Angry Birds 2 and Dream Blast drive up Rovio games revenue to $74m in Q1

Angry Birds Dream Blast is already the games division's second-biggest revenue driver

Angry Birds 2 and Dream Blast drive up Rovio games revenue to $74m in Q1

Rovio games revenue grew 16.6 per cent year-on-year to €66.3 million ($73.7m) in Q1 2019.

Gross bookings for the division meanwhile grew 12.3 per cent to €65.8 million ($73.2m). Rovio put the growth down the strong performance of its flagship title Angry Birds 2 and the January launch of Angry Birds Dream Blast.

Dream start

Gross bookings for the latter came in at €6.9 million in Q1. However, Rovio noted that in March the quarterly gross bookings run-rate for Dream Blast had passed €11 million ($12.2m).

That makes it the company’s second biggest game ahead of Angry Birds Friends, which brought in €7.2 million ($8m) for the three months.

Gross bookings for Angry Birds 2 were at €32 million ($35.6m) for the quarter, with the game growing 48 per cent year-on-year.

User acquisition investments in Rovio’s portfolio amounted to 35.8 per cent (€23.7 million) of the games segment's sales - up from 25.7 per cent the year prior.

While the company actually lowered its UA investment in Angry Birds 2, the figure is a record for the company, with the majority going toward the launch of Dream Blast.

Rovio currently has 14 games in development, two of which are in soft launch. It aims to launch its next game globally during the second half of 2019.

Rising sales, falling profit

Sales for Rovio’s brand licensing division fell 48.2 per cent to €4.6 million ($5.1m), though this was expected given lower revenue from The Angry Birds Movie. The sequel, The Angry Birds Movie 2, is set to release in August.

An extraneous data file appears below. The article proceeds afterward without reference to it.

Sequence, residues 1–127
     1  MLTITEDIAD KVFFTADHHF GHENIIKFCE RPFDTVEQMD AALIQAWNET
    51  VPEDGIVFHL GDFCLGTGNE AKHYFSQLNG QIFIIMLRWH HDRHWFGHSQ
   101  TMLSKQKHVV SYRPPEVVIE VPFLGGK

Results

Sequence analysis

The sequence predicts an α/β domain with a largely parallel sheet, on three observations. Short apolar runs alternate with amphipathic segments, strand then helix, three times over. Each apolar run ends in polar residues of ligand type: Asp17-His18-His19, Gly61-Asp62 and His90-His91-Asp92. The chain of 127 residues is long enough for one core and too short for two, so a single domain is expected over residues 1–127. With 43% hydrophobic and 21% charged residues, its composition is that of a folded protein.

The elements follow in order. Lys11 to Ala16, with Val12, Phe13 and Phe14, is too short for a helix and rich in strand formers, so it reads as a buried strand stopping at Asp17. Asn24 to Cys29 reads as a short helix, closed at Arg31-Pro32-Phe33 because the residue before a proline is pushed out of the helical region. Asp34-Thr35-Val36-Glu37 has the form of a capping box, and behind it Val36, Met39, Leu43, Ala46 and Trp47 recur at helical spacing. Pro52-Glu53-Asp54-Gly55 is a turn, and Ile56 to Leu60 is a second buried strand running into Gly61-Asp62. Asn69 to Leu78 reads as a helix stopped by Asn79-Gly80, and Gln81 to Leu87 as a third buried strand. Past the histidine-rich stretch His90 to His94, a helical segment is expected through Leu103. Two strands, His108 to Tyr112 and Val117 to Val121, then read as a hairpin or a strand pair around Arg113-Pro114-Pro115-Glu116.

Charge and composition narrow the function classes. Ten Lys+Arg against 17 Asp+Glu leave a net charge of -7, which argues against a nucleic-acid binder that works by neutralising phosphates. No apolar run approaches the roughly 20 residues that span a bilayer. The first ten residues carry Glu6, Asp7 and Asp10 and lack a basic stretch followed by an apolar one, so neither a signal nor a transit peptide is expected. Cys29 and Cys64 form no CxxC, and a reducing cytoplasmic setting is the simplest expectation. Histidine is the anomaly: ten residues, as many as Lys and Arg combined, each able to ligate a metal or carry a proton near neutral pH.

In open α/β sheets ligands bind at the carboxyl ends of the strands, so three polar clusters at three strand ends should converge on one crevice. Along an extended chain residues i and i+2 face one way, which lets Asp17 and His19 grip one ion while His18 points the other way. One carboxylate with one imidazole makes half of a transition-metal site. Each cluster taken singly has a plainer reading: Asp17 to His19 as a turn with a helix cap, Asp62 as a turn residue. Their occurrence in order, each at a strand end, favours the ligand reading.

Overall Rovio revenue came in at €70.9 million ($78.9m) for the quarter, up 7.8 per cent year-on-year. Operating profit fell 16 per cent to €7.5 million ($8.3m) compared to last year. Excluding Hatch, which Rovio is looking to offload some of its shares in, profits hit €9.3 million ($10.3m).

The developer expects group revenue to grow to €300 to €330 million ($334m to $367m) in 2019 with a profit margin of between nine and 11 per cent. Excluding Hatch once again, the profit margin is forecast between 12 and 14 per cent.

For more insights into Rovio, we recently covered just how much money the company's games have made, prior to this latest financial report.

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Craig Chapple is a freelance analyst, consultant and writer with specialist knowledge of the games industry. He has previously served as Senior Editor at, as well as holding roles at Sensor Tower, Nintendo and Develop.